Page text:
Strange Son

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Strange Son: Two Mothers, Two Sons, and the Quest to Unlock the Hidden World of Autism
Strange Son.jpg
The book's cover.
Author Portia Iversen
Country United States
Language English
Subject Autism
Genre Autobiography
Publisher Penguin Books
Publication date
Pages 431
ISBN 978-1-59448-272-4

Strange Son: Two Mothers, Two Sons, and the Quest to Unlock the Hidden World of Autism is a non-fiction book that follows the story of Portia Iversen's second son who initially appeared to be developing normally, but started to have autistic characteristics by the age of two. His mother heard about an autistic 14-year-old boy in India who had been taught to communicate so well that he could write poetry. She decided to bring the boy and his mother to California to see if their success could be replicated with her own son.

Plot summary[edit]

Portia Iversen's second son Dov, born in 1992, seemed normal as a baby. By the age of two, he reacted atypically to noises and also made odd noises himself. By the time he was three years old, he was unable to speak and was fascinated by objects. This led to a diagnosis of autism. At the age of eight, Dov was still uncommunicative.

Portia heard about an autistic boy named Tito that lived in Bangalore, India with his mother, Soma Mukhopadhyay. Soma had taught her son how to communicate, write poetry, and explain how the poetry made him feel.

This story inspired Portia to want to help her own son in the same manner. She invited Soma and Tito to California for a month in the hope that Soma could help her son become communicative. Soma's methods were unusual but she managed to help Dov start communicating with his parents.[1]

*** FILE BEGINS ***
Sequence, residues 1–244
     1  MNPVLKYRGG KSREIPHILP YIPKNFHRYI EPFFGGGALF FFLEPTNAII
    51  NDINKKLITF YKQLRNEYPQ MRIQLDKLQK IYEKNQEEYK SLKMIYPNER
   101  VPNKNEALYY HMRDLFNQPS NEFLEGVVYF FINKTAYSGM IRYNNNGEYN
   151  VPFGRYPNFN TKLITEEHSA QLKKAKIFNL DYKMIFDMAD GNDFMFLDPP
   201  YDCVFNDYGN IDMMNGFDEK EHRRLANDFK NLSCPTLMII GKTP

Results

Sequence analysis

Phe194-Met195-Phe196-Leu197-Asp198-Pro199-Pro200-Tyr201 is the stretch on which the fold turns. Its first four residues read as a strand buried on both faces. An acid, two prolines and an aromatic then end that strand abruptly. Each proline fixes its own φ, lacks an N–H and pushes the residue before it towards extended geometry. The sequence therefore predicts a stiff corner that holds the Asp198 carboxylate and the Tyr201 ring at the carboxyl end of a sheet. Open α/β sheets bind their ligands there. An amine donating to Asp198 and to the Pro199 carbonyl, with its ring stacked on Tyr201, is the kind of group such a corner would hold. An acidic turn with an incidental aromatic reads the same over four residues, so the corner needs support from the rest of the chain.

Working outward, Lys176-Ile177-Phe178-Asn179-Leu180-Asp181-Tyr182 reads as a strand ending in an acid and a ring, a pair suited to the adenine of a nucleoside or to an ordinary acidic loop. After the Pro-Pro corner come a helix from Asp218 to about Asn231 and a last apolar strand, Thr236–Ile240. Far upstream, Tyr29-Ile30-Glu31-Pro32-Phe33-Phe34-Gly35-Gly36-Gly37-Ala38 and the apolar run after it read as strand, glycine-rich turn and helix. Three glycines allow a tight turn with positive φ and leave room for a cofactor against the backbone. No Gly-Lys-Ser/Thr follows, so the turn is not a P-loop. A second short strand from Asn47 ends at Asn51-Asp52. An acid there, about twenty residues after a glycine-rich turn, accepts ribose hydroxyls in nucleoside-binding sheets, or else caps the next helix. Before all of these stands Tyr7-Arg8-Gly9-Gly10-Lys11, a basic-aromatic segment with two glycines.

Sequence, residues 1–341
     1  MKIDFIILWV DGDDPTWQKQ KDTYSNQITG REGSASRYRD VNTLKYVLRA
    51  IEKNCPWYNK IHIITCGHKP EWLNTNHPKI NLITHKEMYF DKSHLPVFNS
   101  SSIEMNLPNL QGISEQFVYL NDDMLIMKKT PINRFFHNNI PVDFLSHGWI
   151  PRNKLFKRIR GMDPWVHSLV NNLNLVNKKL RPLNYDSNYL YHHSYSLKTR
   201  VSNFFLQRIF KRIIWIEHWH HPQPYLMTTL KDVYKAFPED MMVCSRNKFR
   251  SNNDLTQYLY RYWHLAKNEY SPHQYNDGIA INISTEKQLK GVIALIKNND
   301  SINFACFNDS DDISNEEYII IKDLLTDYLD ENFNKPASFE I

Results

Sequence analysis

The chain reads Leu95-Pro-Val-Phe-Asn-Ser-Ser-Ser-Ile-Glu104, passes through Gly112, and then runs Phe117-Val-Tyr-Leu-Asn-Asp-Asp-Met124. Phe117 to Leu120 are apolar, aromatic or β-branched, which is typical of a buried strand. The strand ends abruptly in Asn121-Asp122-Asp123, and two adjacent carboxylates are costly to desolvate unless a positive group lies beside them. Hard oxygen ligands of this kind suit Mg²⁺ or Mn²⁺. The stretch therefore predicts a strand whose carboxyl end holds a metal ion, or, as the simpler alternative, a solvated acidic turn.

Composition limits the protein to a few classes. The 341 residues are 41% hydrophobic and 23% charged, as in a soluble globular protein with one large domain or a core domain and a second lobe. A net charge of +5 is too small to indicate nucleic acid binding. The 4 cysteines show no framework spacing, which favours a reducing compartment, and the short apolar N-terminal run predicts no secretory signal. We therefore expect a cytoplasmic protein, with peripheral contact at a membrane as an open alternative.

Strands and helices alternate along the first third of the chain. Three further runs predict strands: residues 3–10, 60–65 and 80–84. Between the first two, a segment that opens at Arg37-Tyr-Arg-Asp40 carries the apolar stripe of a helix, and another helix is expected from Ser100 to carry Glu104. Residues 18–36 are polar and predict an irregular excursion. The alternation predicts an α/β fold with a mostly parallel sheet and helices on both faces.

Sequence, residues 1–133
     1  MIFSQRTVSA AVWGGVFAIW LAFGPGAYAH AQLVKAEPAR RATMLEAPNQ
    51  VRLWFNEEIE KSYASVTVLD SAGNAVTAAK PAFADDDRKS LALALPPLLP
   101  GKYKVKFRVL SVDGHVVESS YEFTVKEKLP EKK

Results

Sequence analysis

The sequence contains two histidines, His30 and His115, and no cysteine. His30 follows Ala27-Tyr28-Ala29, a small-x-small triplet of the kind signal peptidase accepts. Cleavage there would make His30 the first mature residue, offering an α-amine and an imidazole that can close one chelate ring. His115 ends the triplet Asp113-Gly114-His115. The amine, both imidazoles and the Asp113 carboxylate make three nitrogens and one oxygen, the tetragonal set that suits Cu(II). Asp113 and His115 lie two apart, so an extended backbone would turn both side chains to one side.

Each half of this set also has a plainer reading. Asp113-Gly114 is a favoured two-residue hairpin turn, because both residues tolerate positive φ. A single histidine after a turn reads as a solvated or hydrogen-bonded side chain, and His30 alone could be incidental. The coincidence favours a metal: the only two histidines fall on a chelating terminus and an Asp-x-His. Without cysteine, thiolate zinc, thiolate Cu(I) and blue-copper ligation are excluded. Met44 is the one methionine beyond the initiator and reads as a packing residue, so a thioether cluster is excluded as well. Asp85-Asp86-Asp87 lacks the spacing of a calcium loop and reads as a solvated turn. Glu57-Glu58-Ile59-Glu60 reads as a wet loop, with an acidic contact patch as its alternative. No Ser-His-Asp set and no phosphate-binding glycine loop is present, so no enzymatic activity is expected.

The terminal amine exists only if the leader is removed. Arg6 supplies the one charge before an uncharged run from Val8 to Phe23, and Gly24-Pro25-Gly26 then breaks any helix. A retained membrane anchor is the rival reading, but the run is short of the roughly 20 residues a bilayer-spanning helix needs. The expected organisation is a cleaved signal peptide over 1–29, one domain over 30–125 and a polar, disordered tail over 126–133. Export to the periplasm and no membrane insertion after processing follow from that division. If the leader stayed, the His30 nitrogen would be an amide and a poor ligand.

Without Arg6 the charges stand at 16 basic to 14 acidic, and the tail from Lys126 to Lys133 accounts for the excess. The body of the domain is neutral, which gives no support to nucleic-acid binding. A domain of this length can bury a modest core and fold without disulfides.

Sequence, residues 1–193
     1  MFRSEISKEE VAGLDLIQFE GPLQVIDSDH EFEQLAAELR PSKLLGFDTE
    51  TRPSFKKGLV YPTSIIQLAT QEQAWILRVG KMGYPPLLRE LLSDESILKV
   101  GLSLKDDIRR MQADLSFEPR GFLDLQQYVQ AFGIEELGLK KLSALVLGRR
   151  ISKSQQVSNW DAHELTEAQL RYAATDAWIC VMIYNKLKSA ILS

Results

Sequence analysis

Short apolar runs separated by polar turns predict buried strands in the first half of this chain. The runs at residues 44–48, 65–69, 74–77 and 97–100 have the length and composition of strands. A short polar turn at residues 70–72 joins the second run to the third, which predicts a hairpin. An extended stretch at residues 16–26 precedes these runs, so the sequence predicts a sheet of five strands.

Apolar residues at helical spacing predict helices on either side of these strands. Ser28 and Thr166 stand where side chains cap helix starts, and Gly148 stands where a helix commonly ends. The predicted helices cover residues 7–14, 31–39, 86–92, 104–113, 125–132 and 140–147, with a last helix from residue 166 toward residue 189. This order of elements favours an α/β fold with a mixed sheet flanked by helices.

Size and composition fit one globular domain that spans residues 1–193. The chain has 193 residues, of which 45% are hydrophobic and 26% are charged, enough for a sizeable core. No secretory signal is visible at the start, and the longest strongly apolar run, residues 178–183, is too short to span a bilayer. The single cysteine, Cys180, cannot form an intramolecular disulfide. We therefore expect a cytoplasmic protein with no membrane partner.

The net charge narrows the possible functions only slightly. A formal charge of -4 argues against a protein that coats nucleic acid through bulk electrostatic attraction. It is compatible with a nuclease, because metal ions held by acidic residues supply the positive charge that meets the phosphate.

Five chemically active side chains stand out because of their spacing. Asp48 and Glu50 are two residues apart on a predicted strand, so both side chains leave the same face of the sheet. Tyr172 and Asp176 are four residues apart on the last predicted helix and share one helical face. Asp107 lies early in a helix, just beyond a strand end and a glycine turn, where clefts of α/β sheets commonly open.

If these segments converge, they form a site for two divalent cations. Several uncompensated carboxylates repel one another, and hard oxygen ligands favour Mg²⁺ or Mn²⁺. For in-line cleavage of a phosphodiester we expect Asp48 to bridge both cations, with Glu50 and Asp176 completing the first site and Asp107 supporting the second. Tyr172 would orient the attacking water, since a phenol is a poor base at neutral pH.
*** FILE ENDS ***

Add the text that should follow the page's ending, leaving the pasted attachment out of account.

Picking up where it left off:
Portia's husband Jon Shestack started an organization called Cure Autism Now (CAN). CAN's goal was not only to find a cure, but to also increase people's understanding of those with autism. A part of all sales Iversen's book benefited CAN's Innovative Technology for Autism initiative.[2] CAN merged with the Autism Speaks organization in 2007; the merged group uses the name "Autism Speaks."[3]

Autism and vaccines[edit]

Ernst VanBergeijk of Journal of Autism and Developmental Disorders found it disappointing that there was a mention in passing that Dov started showing signs of autism after a vaccination. Ernst said, "This causal impression does a disservice to families" because there are "mountains of data finding no causal link between vaccines and autism".[4]


Abigail Zuger, M.D. of The New York Times said that the book does not gloss over problems as is common in other books that detail medical stories.[1] Regis Schilken of Blogcritics said that "Strange Son should be read by psychiatrists, psychologists, doctors, counselors, and at all costs, by politicians who must provide money for autism research."[5]